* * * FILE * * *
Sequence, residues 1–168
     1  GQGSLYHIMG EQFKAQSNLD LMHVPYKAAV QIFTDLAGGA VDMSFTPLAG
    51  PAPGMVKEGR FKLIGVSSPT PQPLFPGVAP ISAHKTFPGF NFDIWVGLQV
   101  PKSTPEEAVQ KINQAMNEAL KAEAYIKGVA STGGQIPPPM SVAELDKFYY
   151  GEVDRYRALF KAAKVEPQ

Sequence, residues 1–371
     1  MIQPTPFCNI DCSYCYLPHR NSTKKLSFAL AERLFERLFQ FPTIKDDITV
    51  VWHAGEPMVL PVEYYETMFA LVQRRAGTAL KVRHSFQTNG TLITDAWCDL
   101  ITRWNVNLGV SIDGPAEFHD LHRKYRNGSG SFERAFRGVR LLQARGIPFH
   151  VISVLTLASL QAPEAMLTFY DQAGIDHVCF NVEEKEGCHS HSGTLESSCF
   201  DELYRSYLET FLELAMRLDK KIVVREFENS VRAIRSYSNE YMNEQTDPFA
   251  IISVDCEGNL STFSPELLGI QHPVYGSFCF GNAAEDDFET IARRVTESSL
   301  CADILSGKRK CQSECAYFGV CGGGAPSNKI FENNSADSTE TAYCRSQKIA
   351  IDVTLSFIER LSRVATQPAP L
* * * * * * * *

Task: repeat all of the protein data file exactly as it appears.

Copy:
Sequence, residues 1–168
     1  GQGSLYHIMG EQFKAQSNLD LMHVPYKAAV QIFTDLAGGA VDMSFTPLAG
    51  PAPGMVKEGR FKLIGVSSPT PQPLFPGVAP ISAHKTFPGF NFDIWVGLQV
   101  PKSTPEEAVQ KINQAMNEAL KAEAYIKGVA STGGQIPPPM SVAELDKFYY
   151  GEVDRYRALF KAAKVEPQ

Sequence, residues 1–371
     1  MIQPTPFCNI DCSYCYLPHR NSTKKLSFAL AERLFERLFQ FPTIKDDITV
    51  VWHAGEPMVL PVEYYETMFA LVQRRAGTAL KVRHSFQTNG TLITDAWCDL
   101  ITRWNVNLGV SIDGPAEFHD LHRKYRNGSG SFERAFRGVR LLQARGIPFH
   151  VISVLTLASL QAPEAMLTFY DQAGIDHVCF NVEEKEGCHS HSGTLESSCF
   201  DELYRSYLET FLELAMRLDK KIVVREFENS VRAIRSYSNE YMNEQTDPFA
   251  IISVDCEGNL STFSPELLGI QHPVYGSFCF GNAAEDDFET IARRVTESSL
   301  CADILSGKRK CQSECAYFGV CGGGAPSNKI FENNSADSTE TAYCRSQKIA
   351  IDVTLSFIER LSRVATQPAP L